UK released March 2003 (February 2003 in the USA) - "Thunderball (Original Motion Picture Soundtrack)" on EMI Capitol 00724358058925 (Barcode 724358058925) breaks down as follows (79:06 minutes):
1. Thunderball – Main Title (Vocal Tom Jones)
2. Chateau Flight
3. The Spa
4. Switching The Body
5. The Bomb
6. Café Martinique
7. Thunderball [Side 2]
8. Death of Fiona
9. Bond Below Disco Volante
10. Search For Vulcan
12. Mr. Kiss Kiss Bang Bang
Tracks 1 to 12 are the album "Thunderball: Original Motion Picture Soundtrack" - released December 1965 in the UK on United Artists ULP 1110 (Mono) and United Artists SULP 1171 (Stereo) and in the USA on United Artists UAL 4132 (Mono) and United Artists UAS 5132(Stereo). The Stereo mix is used throughout.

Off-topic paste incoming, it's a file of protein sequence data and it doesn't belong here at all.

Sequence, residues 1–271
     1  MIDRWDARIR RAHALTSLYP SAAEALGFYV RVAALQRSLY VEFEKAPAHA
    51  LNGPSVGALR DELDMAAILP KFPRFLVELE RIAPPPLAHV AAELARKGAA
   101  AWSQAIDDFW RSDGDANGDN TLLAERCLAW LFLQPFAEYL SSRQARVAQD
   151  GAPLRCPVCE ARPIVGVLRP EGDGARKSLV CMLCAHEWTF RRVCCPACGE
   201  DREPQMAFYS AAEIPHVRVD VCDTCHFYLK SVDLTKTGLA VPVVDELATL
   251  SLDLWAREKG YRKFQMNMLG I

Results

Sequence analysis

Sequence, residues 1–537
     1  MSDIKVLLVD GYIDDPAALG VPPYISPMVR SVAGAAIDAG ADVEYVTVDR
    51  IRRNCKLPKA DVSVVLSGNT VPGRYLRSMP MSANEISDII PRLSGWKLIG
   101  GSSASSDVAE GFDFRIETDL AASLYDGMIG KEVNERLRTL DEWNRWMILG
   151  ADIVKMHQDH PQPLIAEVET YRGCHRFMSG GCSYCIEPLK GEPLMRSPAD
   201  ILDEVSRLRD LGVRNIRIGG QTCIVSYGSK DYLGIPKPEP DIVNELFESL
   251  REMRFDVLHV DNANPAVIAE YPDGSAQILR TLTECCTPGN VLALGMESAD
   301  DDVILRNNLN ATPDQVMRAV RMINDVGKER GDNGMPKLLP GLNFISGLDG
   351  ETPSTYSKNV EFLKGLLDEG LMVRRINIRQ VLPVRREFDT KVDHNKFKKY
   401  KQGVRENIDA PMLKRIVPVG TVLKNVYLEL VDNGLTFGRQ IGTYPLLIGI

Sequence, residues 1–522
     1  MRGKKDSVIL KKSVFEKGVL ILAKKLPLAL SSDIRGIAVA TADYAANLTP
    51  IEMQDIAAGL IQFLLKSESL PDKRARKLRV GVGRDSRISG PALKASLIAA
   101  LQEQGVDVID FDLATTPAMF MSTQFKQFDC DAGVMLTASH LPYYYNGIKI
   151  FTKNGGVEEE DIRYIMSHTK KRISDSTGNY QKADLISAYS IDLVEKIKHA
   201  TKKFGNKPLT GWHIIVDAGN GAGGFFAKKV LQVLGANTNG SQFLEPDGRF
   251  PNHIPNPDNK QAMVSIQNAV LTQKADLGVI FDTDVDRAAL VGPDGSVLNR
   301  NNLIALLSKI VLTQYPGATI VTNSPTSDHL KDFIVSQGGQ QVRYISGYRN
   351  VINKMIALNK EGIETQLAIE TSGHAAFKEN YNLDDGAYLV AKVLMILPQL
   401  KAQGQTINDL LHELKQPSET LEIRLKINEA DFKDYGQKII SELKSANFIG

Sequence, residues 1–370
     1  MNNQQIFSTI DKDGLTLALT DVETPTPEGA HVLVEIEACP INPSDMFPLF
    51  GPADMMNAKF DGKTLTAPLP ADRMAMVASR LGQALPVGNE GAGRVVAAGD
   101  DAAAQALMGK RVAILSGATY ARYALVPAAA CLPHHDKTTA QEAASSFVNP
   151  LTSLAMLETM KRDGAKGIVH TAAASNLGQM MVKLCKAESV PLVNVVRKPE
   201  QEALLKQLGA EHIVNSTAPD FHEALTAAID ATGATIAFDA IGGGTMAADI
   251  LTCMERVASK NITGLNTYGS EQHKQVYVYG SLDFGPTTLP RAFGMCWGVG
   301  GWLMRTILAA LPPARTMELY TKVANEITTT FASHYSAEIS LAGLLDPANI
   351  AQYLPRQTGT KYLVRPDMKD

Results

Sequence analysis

PREVIOUSLY UNRELEASED BONUS TRACKS:
13. Gunbarrel/Traction Table/Gassing The Plane/Car Chase
14. Bond Meets Domino/Shark Tank/Lights Out For Paula/For King And Country
15. Street Chase
16. Finding The Plane/Underwater Ballet/Bond With Spectre Frogmen/Letter To The Rescue/Bond Joins Underwater Battle
17. Underwater Mayhem/Death Of Largo/End Titles
18. Mr. Kiss Kiss Bang Bang (Mono)
The 10-page booklet has affectionate, witty and informative liner notes from JEFF BOND (no relation) with Page 5 being a double foldout sporting an array of colour stills from the movie. We get former Miss France – the beautiful Claudia Auger in varying swimsuits (what a nice surprise for James), Italian actress Luciana Paluzzi as Fiona and Martine Beswick as Paula (oddly enough also in a bikini) with the eye-patched Adolfo Celi as the evil Spectre head-honcho lording it over a bevvy of lovelies and hungry sharks on board his super yacht – the Disco Volante.